Reporter Mark Barber asked Wideman, "Do they have that here?"

After a brief pause, she responded by saying, "We are working really, really hard with our private sector and our public sector to ensure that."

Wideman says Charlotte is trying to focus on what it can control, including finding more landlords to open affordable apartments.

"I am hopeful we will start to see more landlords stepping up to help with this," she said.

She tells Channel 9 the city is trying to build more partnerships but many local landlords are worried about the money they'll miss.

In response to those fears, Kirby Davis said, "All you in Charlotte have to ask yourself, do we want our children sleeping on the streets while we go work in this fabulous city and industry?"

Davis says every affordable unit set aside in his 100 properties is now occupied.

He'd like to carve out even more for people like Alice Summers and her granddaughter.

"There are some people out there now who really, really need it." Summers continued saying, "There's a lot of people out there dying every day."

Davis says it's truly a matter of life and death.

Some of the homeless people he housed died after he gave them a home because their health was already worn down.

Davis says many landlords who are considering opening up their own units also question whether housing the homeless will take away from an apartments cool factor.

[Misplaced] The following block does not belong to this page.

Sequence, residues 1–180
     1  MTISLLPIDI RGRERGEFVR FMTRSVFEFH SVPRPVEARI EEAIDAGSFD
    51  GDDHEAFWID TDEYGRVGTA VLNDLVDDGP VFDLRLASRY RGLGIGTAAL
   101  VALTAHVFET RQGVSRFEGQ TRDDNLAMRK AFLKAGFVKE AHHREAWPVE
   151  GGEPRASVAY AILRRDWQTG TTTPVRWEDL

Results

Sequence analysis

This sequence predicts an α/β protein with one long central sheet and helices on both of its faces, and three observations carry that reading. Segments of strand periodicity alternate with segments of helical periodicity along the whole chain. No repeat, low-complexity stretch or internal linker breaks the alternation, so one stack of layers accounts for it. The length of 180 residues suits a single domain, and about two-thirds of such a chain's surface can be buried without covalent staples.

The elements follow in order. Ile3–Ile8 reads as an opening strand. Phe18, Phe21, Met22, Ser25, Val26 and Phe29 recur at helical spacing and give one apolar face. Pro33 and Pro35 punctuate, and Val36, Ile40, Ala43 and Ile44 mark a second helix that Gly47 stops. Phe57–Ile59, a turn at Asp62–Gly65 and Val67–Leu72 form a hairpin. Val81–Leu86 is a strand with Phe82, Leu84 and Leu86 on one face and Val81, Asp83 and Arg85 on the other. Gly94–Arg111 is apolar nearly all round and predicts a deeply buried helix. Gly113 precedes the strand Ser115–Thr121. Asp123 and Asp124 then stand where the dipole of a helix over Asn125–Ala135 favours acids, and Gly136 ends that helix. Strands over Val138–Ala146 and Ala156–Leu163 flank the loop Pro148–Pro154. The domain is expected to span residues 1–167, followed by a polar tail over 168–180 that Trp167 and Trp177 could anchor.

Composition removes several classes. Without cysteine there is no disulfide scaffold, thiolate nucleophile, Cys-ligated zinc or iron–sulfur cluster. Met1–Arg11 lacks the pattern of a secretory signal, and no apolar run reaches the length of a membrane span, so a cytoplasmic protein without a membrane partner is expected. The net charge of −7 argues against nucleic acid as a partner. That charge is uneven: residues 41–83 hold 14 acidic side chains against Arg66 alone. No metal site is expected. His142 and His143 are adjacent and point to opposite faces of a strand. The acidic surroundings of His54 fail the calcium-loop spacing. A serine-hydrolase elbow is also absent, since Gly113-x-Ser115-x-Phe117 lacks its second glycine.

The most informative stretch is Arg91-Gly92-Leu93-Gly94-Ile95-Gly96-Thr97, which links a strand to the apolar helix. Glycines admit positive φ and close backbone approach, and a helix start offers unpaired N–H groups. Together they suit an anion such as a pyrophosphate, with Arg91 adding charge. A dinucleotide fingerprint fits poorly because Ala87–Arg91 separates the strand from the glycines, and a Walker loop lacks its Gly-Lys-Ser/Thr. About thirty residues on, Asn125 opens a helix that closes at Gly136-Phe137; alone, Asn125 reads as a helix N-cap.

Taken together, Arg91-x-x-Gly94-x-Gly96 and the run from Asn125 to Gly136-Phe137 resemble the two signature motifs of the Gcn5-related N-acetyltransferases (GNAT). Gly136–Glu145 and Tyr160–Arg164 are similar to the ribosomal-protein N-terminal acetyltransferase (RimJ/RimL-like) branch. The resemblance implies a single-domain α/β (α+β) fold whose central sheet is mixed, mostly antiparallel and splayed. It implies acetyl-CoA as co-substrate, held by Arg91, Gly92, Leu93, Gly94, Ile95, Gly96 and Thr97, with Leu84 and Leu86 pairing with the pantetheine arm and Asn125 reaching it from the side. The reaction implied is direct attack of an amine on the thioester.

His answer for critics?

"The transformation is amazing when you can bathe and shower every day when you can wash your clothes. It's hard to tell them from the general population."

Davis says caseworkers do check in with his homeless residents every month to make sure they're being good neighbors. If they're not, they're evicted.

He says more than 90 percent of the people he houses don't run into any issues.

Davis also says he doesn't really get any push back from residents who don't like living next to a formerly homeless person who is getting a discounted rate.

He says often neighbors will band around the vulnerable person and support them as much as they can.

So, what can Charlotte do about other people like teachers, who aren't homeless, but still can't afford to live in the communities they serve?

Nashville has also found innovative ways to help them.

PART 2: Nashville's success | Workforce housing and business partnerships

The rush of traffic on Nashville's interstates and the crowds of tourists in downtown usually skip past the city's residential neighborhoods but that's where the most growth is happening.

"There's a serious problem if you want to live near the core and be able to get to work," said developer Kirby Davis.

Davis says homes values in some neighborhoods have skyrocketed 150 percent.

Just like Charlotte, the city has waves of modern, million-dollar mansions springing up beside modest homes.

The difference is many lower-income and longtime residents in Nashville can afford to stay there.